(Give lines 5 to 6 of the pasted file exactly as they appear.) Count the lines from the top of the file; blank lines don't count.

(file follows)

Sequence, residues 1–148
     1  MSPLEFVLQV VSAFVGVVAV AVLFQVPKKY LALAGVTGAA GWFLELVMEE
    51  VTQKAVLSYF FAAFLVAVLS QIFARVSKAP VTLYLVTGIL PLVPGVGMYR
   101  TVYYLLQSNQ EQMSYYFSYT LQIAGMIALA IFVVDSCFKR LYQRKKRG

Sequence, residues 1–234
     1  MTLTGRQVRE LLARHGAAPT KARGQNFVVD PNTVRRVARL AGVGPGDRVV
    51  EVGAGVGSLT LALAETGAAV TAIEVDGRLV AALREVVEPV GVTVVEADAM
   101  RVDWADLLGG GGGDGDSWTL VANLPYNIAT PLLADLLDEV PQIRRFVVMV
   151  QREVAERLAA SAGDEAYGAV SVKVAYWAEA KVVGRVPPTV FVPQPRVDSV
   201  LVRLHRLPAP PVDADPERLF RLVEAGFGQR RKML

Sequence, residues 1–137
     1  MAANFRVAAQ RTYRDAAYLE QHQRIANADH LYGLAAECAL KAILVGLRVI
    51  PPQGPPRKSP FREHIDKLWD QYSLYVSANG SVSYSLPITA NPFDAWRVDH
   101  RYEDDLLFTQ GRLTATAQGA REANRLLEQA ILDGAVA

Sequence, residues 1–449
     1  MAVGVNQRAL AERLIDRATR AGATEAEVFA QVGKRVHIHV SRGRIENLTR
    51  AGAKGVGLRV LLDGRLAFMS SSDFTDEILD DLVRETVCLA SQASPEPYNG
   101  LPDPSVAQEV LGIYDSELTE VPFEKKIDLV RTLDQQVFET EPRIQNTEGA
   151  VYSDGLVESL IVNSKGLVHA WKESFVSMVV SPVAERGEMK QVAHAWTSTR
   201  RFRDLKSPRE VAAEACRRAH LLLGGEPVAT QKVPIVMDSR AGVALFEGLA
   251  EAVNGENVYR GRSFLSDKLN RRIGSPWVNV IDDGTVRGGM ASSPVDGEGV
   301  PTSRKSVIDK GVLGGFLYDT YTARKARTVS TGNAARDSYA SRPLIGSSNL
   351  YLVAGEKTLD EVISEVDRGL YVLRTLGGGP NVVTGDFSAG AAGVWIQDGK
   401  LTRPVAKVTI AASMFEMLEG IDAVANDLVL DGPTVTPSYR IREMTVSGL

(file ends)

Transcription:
Sequence, residues 1–234
     1  MTLTGRQVRE LLARHGAAPT KARGQNFVVD PNTVRRVARL AGVGPGDRVV